; the harmony of the Old and New gion which takes full possession of Testaments is found and exhibited. man's internal consciousness, and We do not say Mr. Alexander's lec enters the hidden depths of his be. tures are deficient for not making it ing, to sanctify the whole,-the relithe subject of distinct argument and gion of sacred experience,- has been separate remark; for it seems to in all ages the religion of the people of have been his plan to consider the God; and that Popery, and all modern question of their agreement chiefly plans of Church and sacramental salin reference to religion viewed as an vation, are revivals of the old heresy so object of contemplation and study, indignantly rebuked by the inspired and not in reference to it as a prin Prophet,— “Trust ye not in lying ciple of human character. But in words, saying, The temple of the nothing is the harmony of the two Lord, The temple of the Lord, The Testaments more decidedly apparent temple of the Lord, are these.". It than in the identity of the religion, is the old and destructive formalism, thus personally considered, which bearing the same relation to religion, was both required and possessed. considered personally, as Socinian.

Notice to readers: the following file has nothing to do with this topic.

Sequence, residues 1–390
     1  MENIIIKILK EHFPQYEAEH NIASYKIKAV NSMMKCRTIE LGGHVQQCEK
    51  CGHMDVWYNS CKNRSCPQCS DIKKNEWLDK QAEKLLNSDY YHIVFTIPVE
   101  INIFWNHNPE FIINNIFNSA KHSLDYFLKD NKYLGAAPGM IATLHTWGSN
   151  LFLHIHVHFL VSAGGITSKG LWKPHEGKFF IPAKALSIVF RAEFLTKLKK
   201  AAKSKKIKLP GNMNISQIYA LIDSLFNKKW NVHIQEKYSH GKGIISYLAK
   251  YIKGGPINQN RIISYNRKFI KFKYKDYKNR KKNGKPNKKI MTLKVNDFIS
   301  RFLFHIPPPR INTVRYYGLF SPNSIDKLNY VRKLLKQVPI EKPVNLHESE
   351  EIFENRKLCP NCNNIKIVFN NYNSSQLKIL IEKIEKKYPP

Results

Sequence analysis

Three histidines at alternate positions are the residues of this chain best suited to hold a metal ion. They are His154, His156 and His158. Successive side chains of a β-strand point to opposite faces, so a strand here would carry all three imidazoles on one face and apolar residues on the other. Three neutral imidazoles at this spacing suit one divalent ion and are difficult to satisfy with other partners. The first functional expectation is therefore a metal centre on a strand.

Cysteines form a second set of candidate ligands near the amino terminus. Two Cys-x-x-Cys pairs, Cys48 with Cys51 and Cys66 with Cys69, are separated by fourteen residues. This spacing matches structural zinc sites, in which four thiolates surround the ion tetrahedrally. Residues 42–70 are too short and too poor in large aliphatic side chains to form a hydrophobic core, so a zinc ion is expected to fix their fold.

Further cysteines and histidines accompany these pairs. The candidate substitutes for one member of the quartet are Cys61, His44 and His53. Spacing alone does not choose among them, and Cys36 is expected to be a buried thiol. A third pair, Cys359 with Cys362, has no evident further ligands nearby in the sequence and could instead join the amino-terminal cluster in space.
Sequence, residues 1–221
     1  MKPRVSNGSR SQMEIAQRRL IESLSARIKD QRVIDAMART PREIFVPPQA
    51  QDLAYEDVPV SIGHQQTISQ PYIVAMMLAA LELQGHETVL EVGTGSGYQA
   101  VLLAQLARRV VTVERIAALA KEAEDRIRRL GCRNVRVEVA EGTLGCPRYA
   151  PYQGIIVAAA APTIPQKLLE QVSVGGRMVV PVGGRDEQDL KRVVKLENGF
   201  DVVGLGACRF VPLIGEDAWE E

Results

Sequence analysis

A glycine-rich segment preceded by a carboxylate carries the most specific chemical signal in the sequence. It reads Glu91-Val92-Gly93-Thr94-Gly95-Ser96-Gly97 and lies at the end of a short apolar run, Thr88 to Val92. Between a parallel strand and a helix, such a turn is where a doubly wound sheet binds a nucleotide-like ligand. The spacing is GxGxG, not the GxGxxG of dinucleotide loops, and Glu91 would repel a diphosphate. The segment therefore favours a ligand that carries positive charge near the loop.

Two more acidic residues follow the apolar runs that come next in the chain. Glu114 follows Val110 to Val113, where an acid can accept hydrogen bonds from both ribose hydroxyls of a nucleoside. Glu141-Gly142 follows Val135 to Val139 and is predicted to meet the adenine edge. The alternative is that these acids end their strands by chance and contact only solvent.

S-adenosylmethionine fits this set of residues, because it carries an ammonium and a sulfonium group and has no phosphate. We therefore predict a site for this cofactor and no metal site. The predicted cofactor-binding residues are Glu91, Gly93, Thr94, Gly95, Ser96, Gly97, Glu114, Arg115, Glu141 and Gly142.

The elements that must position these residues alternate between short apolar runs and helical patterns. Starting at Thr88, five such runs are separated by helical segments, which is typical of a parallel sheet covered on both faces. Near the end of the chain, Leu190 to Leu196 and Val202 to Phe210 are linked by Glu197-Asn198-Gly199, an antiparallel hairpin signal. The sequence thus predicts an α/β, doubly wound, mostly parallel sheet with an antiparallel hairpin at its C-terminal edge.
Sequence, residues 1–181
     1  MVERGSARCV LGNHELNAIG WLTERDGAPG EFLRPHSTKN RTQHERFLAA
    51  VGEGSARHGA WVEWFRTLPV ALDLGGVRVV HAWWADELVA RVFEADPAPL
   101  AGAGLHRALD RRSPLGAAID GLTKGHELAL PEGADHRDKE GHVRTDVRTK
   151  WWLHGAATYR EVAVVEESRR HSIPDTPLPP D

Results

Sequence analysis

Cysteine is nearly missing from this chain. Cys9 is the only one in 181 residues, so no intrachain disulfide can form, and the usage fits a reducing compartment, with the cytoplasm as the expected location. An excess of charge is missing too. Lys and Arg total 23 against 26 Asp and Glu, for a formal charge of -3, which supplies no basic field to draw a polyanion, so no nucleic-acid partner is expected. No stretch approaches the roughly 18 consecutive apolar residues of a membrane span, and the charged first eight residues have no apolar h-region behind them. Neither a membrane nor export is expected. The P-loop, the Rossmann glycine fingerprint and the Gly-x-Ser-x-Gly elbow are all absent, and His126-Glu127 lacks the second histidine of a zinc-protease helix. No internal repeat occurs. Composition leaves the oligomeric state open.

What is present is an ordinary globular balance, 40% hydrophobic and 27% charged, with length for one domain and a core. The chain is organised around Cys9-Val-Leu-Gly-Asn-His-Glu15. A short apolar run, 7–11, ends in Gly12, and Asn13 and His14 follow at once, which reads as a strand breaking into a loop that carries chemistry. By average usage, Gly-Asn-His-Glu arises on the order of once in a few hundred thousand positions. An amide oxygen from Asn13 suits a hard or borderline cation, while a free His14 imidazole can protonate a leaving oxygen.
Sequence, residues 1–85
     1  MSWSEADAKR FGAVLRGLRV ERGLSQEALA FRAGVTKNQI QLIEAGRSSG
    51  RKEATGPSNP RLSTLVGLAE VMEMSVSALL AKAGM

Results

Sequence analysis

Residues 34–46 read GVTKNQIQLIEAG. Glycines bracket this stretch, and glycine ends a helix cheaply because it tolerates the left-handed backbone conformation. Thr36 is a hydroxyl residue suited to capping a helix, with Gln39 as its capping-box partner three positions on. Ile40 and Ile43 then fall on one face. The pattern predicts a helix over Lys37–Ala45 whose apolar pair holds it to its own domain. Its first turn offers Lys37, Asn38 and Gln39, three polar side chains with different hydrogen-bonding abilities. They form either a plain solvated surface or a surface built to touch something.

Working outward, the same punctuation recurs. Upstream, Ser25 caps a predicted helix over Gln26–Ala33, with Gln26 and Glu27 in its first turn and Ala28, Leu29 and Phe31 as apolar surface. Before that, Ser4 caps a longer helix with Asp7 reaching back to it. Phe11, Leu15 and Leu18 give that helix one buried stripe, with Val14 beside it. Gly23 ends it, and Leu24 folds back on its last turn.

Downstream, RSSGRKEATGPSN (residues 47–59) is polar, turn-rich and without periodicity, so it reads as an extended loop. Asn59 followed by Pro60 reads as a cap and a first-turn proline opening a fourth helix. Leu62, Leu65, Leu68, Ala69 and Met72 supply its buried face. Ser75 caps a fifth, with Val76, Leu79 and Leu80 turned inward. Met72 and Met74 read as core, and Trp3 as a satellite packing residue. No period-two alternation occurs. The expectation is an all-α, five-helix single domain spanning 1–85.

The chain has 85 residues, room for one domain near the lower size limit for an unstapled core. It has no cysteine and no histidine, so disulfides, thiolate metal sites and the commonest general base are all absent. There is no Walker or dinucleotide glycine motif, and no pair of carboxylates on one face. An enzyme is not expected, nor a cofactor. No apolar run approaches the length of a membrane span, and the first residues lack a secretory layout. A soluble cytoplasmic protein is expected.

ism does to religion, considered doc- the other, the inward work of the trinally. The one denies the out. Spirit in the heart. Each is a most ward work of Christ on the cross; dangerous heresy.


With Characteristic Notices.

[The insertion of any article in this List is not to be considered as pledging us to the approbation of its contents, unless it be accompanied by some express notice of our favourable opinion. Nor is the omission of any such notice to be regarded as indicating a contrary opinion; as our limits, and other reasons, impose on us the necessity of selection and brevity.]